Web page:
This article is published as part of an exclusive content partnership agreement with

Some prominent developers are reportedly offering several prominent, if not surprising, downtown properties as options to host what will be the nearly 900,000-square-foot Cuyahoga County Courthouse consolidation project.

The square footage, not including parking, which would be additional, represents niche office space that landlords are trying to fill in the post-pandemic real estate market. The sheer scale of the courtroom consolidation project may create a competition worth watching.

These proposals come in response to a request for proposals (RFP) for new or renovated/expanded courthouse space issued by the county in late July, in a project estimated to cost between $400 million and $700 million, according to preliminary estimates. The county will only consider downtown Cleveland locations to create a unified court. The county is also offering for sale the existing courthouse tower and nearby buildings totaling 2 million square feet at the 7-acre Justice Center building downtown, 1200 Ontario Street.

Existing downtown office buildings being featured include Millennia Companies’ 1.4 million-square-foot Centennial at 925 Euclid Ave., as well as Bedrock Real Estate’s recently acquired 900,000-square-foot Landmark Building, At 101 W. Prospect Ave. The former building, which is empty, will be 100 years old next year, and the ambitious mixed-use redevelopment of Millennia that includes residential units, hotels, offices, retail and restaurants is struggling to get started while payments are due on some of the financial instruments it acquired for the project, according to… Two anonymous sources.

Millennium is led by CEO Frank Sinito. Bedrock is owned by billionaire Dan Gilbert who also owns the Cleveland Cavs basketball team.

The Landmark Building, in the Tower City Center complex, will be home to Sherwin-Williams’ global headquarters for at least another year while work continues on their new home in the skyscraper west of Public Square. The Landmark Building is 93 years old and, like the Centennial Building, will need major renovations to accommodate the courthouse facilities. However, both buildings contain large former banking lobbies with tall columns resembling a court lobby. The Centennial project is large enough that it can also accommodate 400,000 square feet of private law office and retail space for lease within the same building as the courthouse facilities. The creation of court facilities would greatly simplify the financial picture for each of the pending redevelopments.

The 1.4 million-square-foot Centennial Building at Euclid Avenue and East 9th Street is too large to accommodate the 893,120-square-foot Cuyahoga County Unified Courthouse. It will leave enough space in the building for several private law firms and retail tenants and will provide Millennia Companies with streamlined financing for the redevelopment of the 99-year-old (KJP) building.

Bedrock is instead offering a new construction site as part of its massive development vision for the Cuyahoga River waterfront below Tower City Center, sources say. The site is said to be east of the Carl P. Stokes U.S. Courthouse tower, between Huron and Canal avenues, and west of the proposed public space that descends from The Avenue shopping center to the riverbanks.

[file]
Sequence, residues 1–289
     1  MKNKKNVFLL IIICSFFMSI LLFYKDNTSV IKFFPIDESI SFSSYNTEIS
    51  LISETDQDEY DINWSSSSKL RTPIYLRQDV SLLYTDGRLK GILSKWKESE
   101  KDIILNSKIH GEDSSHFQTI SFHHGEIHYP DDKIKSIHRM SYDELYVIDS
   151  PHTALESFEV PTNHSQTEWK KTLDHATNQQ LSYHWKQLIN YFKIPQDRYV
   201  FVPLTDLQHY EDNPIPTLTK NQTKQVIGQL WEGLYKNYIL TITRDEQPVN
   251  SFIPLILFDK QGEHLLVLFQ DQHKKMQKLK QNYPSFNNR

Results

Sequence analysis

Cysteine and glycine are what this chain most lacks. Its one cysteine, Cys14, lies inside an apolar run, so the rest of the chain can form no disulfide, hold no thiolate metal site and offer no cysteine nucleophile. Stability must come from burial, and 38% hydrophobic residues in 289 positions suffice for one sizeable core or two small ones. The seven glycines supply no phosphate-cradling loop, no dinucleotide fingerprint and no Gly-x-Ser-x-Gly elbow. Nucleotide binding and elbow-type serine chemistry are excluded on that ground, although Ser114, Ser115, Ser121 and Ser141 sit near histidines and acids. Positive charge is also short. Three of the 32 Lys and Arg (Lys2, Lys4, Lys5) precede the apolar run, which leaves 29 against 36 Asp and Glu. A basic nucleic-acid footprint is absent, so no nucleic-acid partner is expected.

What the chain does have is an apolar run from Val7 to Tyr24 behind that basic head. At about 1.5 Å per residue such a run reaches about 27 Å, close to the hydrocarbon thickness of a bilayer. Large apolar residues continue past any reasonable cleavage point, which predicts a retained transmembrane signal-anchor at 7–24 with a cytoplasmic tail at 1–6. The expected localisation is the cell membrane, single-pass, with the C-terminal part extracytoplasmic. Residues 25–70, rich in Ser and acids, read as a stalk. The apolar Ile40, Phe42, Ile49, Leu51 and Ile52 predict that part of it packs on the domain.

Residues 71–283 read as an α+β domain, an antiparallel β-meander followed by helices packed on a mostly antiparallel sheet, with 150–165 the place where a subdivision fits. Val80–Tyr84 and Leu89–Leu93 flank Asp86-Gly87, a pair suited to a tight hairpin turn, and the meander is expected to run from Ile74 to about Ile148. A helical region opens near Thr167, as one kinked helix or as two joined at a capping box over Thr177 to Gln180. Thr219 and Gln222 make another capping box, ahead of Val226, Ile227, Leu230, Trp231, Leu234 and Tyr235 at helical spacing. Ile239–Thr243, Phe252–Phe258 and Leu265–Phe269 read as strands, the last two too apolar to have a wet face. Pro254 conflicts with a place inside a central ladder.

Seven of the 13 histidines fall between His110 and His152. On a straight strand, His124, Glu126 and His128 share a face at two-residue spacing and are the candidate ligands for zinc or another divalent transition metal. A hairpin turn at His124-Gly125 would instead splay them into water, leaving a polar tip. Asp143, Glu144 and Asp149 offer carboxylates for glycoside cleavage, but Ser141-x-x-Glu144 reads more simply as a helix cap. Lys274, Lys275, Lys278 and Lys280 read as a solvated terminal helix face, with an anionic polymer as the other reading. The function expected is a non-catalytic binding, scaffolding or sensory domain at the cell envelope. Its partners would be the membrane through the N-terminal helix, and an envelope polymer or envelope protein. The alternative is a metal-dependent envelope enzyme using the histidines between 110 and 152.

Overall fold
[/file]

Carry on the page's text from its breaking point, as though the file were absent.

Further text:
The site is about 100,000 square feet — large enough that a newly built court facility that would meet the county’s need for 893,120 square feet of usable space could be built here atop a multi-level parking deck without the need for a high-rise building. This can save on the construction costs that come with building a skyscraper: pouring concrete foundations instead of drilling expensive caissons 200 feet down into the bedrock, using lighter steel in the superstructure and not having to install larger, more expensive lateral resistance systems.

But Millennia, Bedrock and Geis also appear to be interested in the current Justice Center site, which includes renovating and expanding the 26-story, 420-foot-tall courthouse tower dating back to 1977. Their interest may emerge through individual proposals, but sources say they are considering working together To carry out a massive redevelopment of the 7-acre site which includes retaining only the court tower. The rest of the Justice Center’s buildings include two jails, the soon-to-be-vacated Cleveland Police Headquarters, the Justice Center lobby and an underground parking lot, all of which were poorly constructed, according to a report commissioned by the Justice Center’s steering committee in 2019.

“We’re looking for the market to basically tell us what it would cost to renovate and/or build another justice center in the 800,000-square-foot range,” Cuyahoga County Public Works Director Michael Dever told the Cuyahoga County Council. Meeting in July. “We think some ideas may come back as to where the current first and second prison would be located and as to what those potential uses could be.”

The 900,000-square-foot Landmark Building, in the center of this photo, has served as Sherwin-Williams' corporate headquarters since the building was built 93 years ago.
The 900,000-square-foot Landmark Building, in the center of this photo, has served as Sherwin-Williams’ corporate headquarters since the building was built 93 years ago. Its new owner, Bedrock, will reportedly offer her as one of her options for the new Unified District Court (Irina Tkachenko).

The current courthouse tower may be renovated, but an effective rebuild can only be done by vacating it completely and stripping it of the steel girders, a real estate insider says. This would require providing at least 675,000 square feet of temporary court space for at least two years. The steering committee said renovating and operating the existing courthouse tower may be more expensive over the next 30 years than constructing and operating a new building. Justice Center Estate and Historic Courthouse Square, 310 W. Lakeside Ave.,